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 Post subject: Una Corda Pedal
PostPosted: Tue Aug 22, 2006 6:00 pm 
Hello MaxW,

If you would take the trouble to read some previous posts in this thread, you will recognize that the una corda pedal is acknowledged to cause the hammer to strike only two of three strings in the treble section, one of two strings in the tenor section, and always the single bass string -- albeit at different contact portions of each hammer.

Regarding your comment about an odd sound on a Steinway from using the una corda pedal -- I regularly practice and perform on a Steinway Model M grand, and have heard no sounds described as being "odd". To the contrary, I would qualitatively describe the sound as being more "intimate" -- especially when playing mp or quieter and legato. (In retrospect, if one were to use the una corda pedal while playing loudly and with a staccato touch, I could imagine that some rather unusual sounds might be unleashed. )

Sincerely,

Joe <jcfeli>


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 Post subject: Una corda pedal
PostPosted: Tue Aug 22, 2006 6:21 pm 
Hello MaxW,

"In my opinion though, on most piano the tone isn't as nice with the una corda...on my teachers Steinway it has a very odd tone. Doesn't it also mean that the hammer only strikes 2 of the 3 strings?"



Of course the una corda pedal means the hammer strikes two of the three strings in the treble section, one of two strings in the tenor section, and always the single string in the bass section -- these points were discussed in an earlier thread.

Regarding the odd sound you report on your teacher's Steinway, I submit these thoughts for your consideration:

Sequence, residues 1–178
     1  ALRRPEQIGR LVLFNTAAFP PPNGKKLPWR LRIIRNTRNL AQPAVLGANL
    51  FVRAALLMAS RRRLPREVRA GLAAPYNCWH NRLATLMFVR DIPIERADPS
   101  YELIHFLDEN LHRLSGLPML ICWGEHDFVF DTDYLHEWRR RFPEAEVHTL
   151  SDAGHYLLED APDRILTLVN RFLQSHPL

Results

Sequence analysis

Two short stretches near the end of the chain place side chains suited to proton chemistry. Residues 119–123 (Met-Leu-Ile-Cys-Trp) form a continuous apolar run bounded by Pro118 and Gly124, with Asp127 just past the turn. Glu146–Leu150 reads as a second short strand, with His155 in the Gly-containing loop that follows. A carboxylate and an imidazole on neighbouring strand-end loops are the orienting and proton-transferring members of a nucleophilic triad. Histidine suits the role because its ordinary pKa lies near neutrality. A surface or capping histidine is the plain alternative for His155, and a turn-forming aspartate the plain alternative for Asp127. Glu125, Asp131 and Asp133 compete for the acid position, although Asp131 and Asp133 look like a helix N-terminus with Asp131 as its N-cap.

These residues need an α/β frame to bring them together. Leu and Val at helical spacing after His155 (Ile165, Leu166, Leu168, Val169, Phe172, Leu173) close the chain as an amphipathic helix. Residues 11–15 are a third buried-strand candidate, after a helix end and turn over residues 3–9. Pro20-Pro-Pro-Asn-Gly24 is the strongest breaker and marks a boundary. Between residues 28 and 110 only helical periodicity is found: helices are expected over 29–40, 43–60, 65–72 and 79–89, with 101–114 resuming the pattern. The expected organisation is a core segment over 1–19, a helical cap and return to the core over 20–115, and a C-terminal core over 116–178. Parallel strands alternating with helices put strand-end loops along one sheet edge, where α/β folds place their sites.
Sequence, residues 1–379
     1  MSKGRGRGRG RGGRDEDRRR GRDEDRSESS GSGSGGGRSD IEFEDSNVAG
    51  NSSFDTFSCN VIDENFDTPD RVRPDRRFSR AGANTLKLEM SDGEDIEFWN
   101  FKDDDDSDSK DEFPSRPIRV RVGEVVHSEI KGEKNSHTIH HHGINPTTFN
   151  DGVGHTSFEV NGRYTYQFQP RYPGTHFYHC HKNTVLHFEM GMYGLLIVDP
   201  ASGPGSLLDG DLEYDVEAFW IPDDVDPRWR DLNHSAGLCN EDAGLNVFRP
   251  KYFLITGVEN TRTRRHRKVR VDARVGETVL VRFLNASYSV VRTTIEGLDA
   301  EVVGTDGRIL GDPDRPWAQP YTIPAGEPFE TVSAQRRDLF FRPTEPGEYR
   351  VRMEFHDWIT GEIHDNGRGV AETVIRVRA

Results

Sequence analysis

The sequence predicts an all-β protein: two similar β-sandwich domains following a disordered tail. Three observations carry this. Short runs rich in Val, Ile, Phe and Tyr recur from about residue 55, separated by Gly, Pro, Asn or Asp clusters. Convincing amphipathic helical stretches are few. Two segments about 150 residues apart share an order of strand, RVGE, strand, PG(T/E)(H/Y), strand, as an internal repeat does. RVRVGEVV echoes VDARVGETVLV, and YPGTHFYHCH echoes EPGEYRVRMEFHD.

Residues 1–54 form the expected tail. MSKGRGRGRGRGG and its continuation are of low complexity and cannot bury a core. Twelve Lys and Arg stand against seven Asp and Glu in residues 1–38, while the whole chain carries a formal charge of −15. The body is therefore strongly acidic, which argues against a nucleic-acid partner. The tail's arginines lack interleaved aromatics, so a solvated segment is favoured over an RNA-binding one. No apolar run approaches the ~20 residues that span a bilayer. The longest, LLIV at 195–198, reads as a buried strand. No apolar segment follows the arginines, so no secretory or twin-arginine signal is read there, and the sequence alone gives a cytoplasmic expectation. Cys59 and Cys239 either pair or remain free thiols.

I have regular access to a Steinway Model M, and have not encountered any odd sounds when using the una corda pedal ... with the understanding I am playing at a mp dynamic level (or softer) and legato passages. Perhaps if one attempts to use the una corda pedal for forte+ loudness and staccato passages, I would concede it is possible to hear rather unpianistic sounds even from a Steinway.

Cheers,

Joe <jcfeli>


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 Post subject: Re: Una corda pedal
PostPosted: Tue Aug 22, 2006 7:44 pm 
jcfeli wrote:
Hello MaxW,

"In my opinion though, on most piano the tone isn't as nice with the una corda...on my teachers Steinway it has a very odd tone. Doesn't it also mean that the hammer only strikes 2 of the 3 strings?"



Of course the una corda pedal means the hammer strikes two of the three strings in the treble section, one of two strings in the tenor section, and always the single string in the bass section -- these points were discussed in an earlier thread.

Regarding the odd sound you report on your teacher's Steinway, I submit these thoughts for your consideration:

I have regular access to a Steinway Model M, and have not encountered any odd sounds when using the una corda pedal ... with the understanding I am playing at a mp dynamic level (or softer) and legato passages. Perhaps if one attempts to use the una corda pedal for forte+ loudness and staccato passages, I would concede it is possible to hear rather unpianistic sounds even from a Steinway.

Cheers,

Joe <jcfeli>


I haven't used it in those ways, I just think it sounds a bit...warbly. I can't explain it really. Although his piano is relatively new and I wonder if maybe the more you use the soft pedal, the sound might have a bit more bite to it. At the moment I'm just not a fan of the timbre. Having said that I played on a Bluthner grand that had a lovely una corda sound...sounded almost like a harp.


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 Post subject:
PostPosted: Tue Aug 22, 2006 8:07 pm 
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Joe, why are you posting the same message twice with the same meaning but different wording ?
Note that you can always edit your message if you have second thoughts.